Sara Serpa – voice, composition | Emmanuel Iduma – text, spoken word
Sofía Rei, Aubrey Johnson – voice | Matt Mitchell -piano | Qasim Naqvi – modular synth
Co-Sponsored by Jazz at Princeton University and the Program in African Studies.
A collaboration between Portuguese vocalist-composer Sara Serpa and Nigerian writer Emmanuel Iduma, drawing inspiration from Iduma’s latest book, A Stranger’s Pose, a unique blend of travelogue, musings and poetry, with a foreword by Teju Cole. In a combination of music, text, image and field recordings collected by Iduma during his travels, Intimate Strangers explores such themes as of movement, home, grief, absence and desire in what Iduma calls “an atlas of a borderless world”.
About the Artist:
Sara Serpa is a singer, composer, improviser who implements a unique instrumental approach to her vocal style. Recognized for her distinctive wordless singing, Serpa has been immersed in the field of jazz, improvised and experimental music since first arriving in New York in 2008. Described by JazzTimes magazine as “a master of wordless landscapes” and by the New York Times as “a singer of silvery poise and cosmopolitan outlook,” Serpa started her recording and performing career with jazz luminaries such as Grammy-nominated pianist, Danilo Perez, Guggenheim and MacArthur Fellow pianist, Ran Blake, and Greg Osby. Her ethereal music draws from a broad variety of inspirations including literature, film, visual arts as well as history and nature. As a leader, she has produced and released nine albums, (with labels Sunnyside Records, Clean Feed, Tzadik and Inner Circle Music); the latest being “Close Up” in collaboration with saxophonist Ingrid Laubrock and cellist Erik Friedlander. Serpa has collaborated with an extensive array of musicians including John Zorn, Guillermo Klein, Zeena Parkins, Mark Turner, Tyshawn Sorey, Nicole Mitchell, among many others. She has performed her own music in Europe, Australia, North and South America, singing at international festivals such as Festa do Jazz, the Panama Jazz Festival, Festival de Jazz de Montevideo, Wangaratta Jazz Festival and Adelaide Festival, Sopot Jazz Festival or venues like Bimhuis, Casa da Música, Village Vanguard, Jazz Standard, The Stone, Brooklyn Academy of Music, the Metropolitan Museum of Art, and the Kennedy Center for the Arts, among others.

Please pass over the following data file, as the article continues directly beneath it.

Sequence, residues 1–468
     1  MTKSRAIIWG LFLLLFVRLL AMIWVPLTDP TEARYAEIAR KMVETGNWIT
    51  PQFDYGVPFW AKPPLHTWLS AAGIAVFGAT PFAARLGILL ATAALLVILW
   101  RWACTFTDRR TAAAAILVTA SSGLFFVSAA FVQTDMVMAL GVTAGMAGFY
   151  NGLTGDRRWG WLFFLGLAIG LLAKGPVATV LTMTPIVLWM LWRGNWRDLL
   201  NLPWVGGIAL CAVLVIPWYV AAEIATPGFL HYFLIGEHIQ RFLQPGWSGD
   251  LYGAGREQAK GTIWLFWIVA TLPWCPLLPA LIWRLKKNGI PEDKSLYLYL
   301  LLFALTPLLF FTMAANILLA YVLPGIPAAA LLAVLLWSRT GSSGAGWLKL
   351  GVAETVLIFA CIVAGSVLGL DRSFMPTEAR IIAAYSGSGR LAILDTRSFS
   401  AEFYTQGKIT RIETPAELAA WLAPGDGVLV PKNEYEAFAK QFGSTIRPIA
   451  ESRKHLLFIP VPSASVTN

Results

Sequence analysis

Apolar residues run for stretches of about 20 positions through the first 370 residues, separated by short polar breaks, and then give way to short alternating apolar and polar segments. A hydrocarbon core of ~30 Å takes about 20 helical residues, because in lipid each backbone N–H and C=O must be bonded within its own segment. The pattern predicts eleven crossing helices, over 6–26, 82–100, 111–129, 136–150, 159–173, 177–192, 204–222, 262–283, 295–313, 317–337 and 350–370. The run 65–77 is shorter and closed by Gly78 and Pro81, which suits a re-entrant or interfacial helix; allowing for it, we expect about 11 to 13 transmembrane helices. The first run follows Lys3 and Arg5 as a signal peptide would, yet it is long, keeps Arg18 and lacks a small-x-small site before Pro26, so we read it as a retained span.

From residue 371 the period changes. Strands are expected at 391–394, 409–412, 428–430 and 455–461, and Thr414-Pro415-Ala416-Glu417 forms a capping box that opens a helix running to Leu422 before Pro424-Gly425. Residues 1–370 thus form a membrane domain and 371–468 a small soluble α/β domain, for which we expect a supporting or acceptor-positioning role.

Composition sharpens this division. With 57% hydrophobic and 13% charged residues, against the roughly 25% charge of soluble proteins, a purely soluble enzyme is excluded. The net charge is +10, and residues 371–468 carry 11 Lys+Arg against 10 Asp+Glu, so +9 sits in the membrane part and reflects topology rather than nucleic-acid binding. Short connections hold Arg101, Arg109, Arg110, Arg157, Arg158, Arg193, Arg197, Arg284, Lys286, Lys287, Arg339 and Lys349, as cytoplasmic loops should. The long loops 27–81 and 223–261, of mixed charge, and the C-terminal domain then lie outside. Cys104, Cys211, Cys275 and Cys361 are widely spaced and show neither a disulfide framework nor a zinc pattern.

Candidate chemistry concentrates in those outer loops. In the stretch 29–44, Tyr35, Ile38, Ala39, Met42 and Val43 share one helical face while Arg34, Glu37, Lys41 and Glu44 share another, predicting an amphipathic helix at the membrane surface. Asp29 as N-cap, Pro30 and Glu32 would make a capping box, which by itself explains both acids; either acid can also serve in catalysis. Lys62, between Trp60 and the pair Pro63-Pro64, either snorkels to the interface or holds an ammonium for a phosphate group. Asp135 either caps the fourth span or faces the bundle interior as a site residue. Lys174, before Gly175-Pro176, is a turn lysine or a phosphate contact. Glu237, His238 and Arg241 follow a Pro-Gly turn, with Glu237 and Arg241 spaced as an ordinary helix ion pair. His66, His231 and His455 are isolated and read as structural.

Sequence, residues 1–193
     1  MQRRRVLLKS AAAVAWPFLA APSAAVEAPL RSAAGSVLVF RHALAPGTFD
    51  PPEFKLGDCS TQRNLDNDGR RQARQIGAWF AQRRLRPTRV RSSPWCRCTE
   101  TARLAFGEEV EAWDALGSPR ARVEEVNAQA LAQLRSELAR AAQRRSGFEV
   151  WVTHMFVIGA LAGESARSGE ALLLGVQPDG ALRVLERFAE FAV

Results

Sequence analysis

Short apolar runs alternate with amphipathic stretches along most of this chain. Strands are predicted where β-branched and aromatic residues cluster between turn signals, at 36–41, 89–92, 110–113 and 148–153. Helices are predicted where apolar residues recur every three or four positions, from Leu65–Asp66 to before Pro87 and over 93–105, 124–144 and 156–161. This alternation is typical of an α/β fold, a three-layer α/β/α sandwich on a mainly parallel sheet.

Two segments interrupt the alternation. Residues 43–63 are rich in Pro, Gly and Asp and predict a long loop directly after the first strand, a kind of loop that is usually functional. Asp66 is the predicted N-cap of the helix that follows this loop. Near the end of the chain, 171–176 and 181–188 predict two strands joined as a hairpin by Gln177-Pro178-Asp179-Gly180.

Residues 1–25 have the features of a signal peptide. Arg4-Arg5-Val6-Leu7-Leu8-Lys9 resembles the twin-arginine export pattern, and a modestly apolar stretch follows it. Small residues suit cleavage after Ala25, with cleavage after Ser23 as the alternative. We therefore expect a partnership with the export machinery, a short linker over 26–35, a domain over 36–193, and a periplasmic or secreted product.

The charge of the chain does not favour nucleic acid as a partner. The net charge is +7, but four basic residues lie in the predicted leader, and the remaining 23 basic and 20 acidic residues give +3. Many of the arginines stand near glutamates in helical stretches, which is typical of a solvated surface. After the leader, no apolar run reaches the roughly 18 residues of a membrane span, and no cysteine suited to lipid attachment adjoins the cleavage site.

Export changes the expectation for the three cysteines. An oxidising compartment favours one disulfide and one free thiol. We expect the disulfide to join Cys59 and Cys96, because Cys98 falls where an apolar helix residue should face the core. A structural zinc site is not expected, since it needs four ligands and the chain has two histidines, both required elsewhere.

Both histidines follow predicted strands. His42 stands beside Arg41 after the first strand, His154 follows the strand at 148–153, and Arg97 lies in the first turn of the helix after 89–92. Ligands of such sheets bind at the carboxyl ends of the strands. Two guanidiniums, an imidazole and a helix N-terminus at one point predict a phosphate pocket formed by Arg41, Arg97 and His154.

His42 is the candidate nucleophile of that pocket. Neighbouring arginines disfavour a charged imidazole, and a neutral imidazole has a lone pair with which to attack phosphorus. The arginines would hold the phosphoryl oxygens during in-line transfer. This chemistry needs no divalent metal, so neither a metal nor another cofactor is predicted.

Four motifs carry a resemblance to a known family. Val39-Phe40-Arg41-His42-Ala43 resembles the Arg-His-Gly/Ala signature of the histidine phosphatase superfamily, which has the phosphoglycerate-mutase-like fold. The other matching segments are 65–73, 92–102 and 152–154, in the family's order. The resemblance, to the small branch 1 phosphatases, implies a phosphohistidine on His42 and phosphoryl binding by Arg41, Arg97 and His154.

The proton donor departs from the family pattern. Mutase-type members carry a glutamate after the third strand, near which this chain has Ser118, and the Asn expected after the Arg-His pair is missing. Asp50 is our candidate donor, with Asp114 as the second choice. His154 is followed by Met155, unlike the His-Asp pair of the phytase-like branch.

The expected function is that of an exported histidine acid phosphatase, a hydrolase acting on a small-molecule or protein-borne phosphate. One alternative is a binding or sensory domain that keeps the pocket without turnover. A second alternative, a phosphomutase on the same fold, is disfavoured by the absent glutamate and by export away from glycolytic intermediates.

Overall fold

Emmanuel Iduma is a writer of fiction and nonfiction. Born and raised in Nigeria, he has contributed essays and stories to journals, magazines, artists’ books, and exhibition catalogues. He is the author of The Sound of Things to Come (first published as Farad in Nigeria), and received a 2017 Creative Capital/Warhol Foundation grant in arts writing, for his blog A Sum of Encounters. He is a faculty member at the School of Visual Arts, where he obtained an MFA in Art Criticism and Writing. In 2017, he was associate curator of the Nigerian pavilion at the Venice Biennale. He is the author, most recently, of A Stranger’s Pose.